It has been seven and one half decades since Superman made his debut in Action Comics #1 in June 1938. Since then, we have seen many revisions, especially in his big screen carnations, of this most popular and resilient of super heroes. The latest reimagining of this iconic figure comes to life, again, with the “Man of Steel.”
Fans of the longtime Superman franchise have been impatiently waiting for their favorite super hero to come to the big screen once again. The wait is over but will the die hard fans like what they are about to see? I am thinking not. Producer Christopher Nolan and director Zack Snyder attempt to jump start the Man of Steel with copious and dazzling special effects and not much else.
They give us far more back story of the man from Krypton, his birth, his parents, Kryptonian politics and planetary disaster. Young Clark Kent (Cooper Timberline as 9-year old Clark and Dylan Sprayberry as 13-year old C.K.) is adopted by Jonathan and Martha Kent (Kevin Costner and Diane Lane) when the boy’s escape ship lands on their farm. Hiding his secret powers, he must wait for the right moment to reveal his true self to the public.
That moment happens when Superman (Henry Cavill) must protect the Earth from the vengeful Kryptonian overlord, General Zod (Michael Shannon), and his minion who threaten to destroy the planet if the humans do not turn over Superman to his control. The film is about the many battles between the Man of Steel and General Zod and his super-powered henchmen. Watching people impervious to pain and injury beat the snot out of each other, decimating Metropolis city, tumbling it down on its inhabitants, wears thin. For a guy who is for “truth, justice and the American way” and dedicated to protecting Earth and its inhabitants, not a lot of care is actually taken by Superman to protect his adopted people.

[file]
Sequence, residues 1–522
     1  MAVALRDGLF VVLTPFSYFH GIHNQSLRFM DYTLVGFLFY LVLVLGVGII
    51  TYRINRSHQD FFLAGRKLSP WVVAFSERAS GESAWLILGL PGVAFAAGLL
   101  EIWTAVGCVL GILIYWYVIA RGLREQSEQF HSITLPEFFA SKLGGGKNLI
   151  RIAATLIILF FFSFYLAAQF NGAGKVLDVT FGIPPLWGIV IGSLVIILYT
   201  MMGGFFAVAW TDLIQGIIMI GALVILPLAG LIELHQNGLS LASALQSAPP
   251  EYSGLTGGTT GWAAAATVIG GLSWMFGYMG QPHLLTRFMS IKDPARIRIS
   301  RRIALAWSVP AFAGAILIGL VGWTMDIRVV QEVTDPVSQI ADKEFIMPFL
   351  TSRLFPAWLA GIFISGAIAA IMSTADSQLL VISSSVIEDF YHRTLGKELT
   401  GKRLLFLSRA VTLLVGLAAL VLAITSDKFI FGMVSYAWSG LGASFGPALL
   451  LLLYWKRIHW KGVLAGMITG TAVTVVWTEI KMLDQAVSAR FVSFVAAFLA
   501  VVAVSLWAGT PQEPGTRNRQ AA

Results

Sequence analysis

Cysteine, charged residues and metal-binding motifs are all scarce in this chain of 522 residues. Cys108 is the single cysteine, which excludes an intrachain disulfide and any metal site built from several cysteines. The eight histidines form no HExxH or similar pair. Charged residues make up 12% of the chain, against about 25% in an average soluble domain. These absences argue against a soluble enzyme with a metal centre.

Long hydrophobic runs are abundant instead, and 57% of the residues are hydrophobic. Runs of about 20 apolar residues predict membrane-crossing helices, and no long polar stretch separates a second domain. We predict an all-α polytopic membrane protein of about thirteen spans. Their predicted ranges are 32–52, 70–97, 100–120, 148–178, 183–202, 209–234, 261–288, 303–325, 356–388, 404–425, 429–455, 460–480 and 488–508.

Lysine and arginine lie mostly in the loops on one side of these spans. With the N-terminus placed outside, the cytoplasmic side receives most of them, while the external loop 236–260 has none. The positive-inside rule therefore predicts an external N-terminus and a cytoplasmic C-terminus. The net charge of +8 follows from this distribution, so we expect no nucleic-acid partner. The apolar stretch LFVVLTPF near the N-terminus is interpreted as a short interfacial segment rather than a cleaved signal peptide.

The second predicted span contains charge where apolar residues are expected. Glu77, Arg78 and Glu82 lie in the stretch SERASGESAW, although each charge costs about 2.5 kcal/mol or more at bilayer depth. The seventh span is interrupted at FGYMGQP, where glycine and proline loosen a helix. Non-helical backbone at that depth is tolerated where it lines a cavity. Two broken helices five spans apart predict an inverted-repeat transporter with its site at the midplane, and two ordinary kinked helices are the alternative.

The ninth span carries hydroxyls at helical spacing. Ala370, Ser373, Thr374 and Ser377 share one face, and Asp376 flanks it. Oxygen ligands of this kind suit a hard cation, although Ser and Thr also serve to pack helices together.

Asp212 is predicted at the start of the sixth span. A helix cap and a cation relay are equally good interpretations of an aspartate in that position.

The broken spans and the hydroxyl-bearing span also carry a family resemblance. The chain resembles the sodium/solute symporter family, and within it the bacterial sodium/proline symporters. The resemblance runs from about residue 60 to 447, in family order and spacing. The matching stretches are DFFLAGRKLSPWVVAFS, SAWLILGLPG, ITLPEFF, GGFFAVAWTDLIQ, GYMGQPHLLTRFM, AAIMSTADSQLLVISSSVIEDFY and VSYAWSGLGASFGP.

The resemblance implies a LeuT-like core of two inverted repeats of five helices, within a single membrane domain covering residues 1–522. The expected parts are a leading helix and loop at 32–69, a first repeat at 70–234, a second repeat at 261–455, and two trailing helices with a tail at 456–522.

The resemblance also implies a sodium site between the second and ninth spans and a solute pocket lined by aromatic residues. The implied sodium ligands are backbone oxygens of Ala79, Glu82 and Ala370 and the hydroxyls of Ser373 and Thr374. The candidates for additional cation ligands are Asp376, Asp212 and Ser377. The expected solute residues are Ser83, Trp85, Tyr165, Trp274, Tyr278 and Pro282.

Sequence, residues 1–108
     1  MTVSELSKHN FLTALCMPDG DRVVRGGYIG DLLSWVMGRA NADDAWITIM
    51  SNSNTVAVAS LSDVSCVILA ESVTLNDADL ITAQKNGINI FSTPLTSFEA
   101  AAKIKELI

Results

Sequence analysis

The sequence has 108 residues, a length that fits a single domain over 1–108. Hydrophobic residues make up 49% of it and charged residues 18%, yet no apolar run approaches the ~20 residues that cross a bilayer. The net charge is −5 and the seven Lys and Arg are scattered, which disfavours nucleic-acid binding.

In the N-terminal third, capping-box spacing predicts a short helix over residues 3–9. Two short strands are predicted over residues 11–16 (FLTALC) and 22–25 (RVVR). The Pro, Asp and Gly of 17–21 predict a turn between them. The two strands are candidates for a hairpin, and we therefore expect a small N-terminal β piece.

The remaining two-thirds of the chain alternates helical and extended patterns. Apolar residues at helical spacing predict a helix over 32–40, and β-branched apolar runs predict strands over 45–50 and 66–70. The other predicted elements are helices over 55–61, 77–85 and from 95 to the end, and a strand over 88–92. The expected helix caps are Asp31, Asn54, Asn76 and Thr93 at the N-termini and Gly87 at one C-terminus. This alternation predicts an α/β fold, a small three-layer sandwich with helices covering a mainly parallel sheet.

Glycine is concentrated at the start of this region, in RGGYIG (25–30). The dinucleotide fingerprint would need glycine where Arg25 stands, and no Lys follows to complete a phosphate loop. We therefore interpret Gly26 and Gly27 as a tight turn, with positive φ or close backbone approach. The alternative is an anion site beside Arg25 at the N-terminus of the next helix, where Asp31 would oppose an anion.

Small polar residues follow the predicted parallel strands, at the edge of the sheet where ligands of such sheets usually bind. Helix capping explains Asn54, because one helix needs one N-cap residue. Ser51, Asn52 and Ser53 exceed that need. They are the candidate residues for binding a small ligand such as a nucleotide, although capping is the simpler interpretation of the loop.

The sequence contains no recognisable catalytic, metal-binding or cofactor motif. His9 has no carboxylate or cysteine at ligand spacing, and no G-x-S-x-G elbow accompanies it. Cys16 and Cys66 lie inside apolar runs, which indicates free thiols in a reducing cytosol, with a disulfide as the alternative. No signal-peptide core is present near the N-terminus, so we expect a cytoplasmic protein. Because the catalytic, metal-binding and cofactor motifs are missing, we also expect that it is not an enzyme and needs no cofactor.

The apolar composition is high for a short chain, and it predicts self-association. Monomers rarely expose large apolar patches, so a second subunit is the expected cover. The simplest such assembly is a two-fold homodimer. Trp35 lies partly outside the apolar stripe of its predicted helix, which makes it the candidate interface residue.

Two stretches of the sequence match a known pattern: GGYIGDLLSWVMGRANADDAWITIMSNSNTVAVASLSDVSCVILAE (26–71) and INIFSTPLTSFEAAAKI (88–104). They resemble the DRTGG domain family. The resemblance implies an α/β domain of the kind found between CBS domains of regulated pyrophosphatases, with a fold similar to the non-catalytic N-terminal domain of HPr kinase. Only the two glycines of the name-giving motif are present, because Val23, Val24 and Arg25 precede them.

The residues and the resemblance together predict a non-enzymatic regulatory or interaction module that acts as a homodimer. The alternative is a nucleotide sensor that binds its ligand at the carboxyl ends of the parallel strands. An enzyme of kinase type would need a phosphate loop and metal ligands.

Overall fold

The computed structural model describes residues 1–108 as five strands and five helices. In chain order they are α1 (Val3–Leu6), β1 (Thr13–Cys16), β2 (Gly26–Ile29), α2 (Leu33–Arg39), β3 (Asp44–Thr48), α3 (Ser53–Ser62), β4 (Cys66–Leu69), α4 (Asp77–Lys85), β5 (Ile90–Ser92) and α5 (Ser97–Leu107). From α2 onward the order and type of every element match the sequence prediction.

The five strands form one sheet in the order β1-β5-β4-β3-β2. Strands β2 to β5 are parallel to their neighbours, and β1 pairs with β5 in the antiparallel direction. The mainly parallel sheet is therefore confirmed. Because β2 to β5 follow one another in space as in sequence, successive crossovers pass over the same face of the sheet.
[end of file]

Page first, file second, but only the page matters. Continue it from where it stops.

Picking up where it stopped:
There has been a great deal of brouhaha over the casting the latest Man of Steel (Henry Cavill). The actor has the requisite handsome face and brawny build but he is left to look confused and out of place. I do not know when General Zod came on the scene in Superman’s history but the filmmakers bring him to the fore immediately. Michael Sheen is only a two-dimensional version of the destructive general. The role was played far better by Terence Stamp in the 1980 incarnation, “Superman II,” which is far better than anything we have with “Man of Steel.”
The constant combat becomes the same old thing very quickly with Superman punching Zod (or vice versa) through a building, smashing concrete into razor sharp projectiles hurling in all directions. That cannot be a good thing for the citizens of Metropolis. After almost two a half hours of F/X cacophony, the filmmakers tease us with the possibility of taking us to the Superman story we had hoped for with “Man of Steel.” I know I feel cheated. I wonder what the real fans will think. I give it C.
With Krypton on the verge of implosion, General Zod (Michael Shannon, "Take Shelter," "The Iceman") attempts an overthrow of the ruling committee whose energy mining has devastated the planet's core. Scientist Jor-El (Russell Crowe) has another plan, he and his wife Lara (Ayelet Zurer, "Munich") having just given the first natural birth in centuries, and although he dies at Zod's hands, he succeeds in sending his son Kal-El and the codex which will ensure the survival of their species to Earth where the Kents (Kevin Costner and Diane Lane), Kansas farmers, will raise the boy, keeping his secret as a "Man of Steel."